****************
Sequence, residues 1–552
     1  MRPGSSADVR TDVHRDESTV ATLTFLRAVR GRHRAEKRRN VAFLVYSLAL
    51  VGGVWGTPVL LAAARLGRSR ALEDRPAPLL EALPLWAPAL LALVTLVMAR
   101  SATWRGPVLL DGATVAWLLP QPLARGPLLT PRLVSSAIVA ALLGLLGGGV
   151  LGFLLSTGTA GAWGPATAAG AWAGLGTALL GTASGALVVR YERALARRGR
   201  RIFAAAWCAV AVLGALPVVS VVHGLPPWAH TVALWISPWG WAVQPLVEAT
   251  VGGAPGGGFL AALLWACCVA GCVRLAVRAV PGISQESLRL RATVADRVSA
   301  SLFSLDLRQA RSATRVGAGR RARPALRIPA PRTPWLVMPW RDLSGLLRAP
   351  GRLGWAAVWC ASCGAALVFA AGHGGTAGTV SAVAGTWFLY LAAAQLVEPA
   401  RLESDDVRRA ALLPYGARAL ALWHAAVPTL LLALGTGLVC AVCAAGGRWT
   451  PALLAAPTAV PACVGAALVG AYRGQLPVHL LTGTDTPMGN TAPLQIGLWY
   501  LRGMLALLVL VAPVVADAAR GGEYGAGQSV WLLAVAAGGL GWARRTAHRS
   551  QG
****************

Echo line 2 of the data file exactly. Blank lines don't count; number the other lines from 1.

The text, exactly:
     1  MRPGSSADVR TDVHRDESTV ATLTFLRAVR GRHRAEKRRN VAFLVYSLAL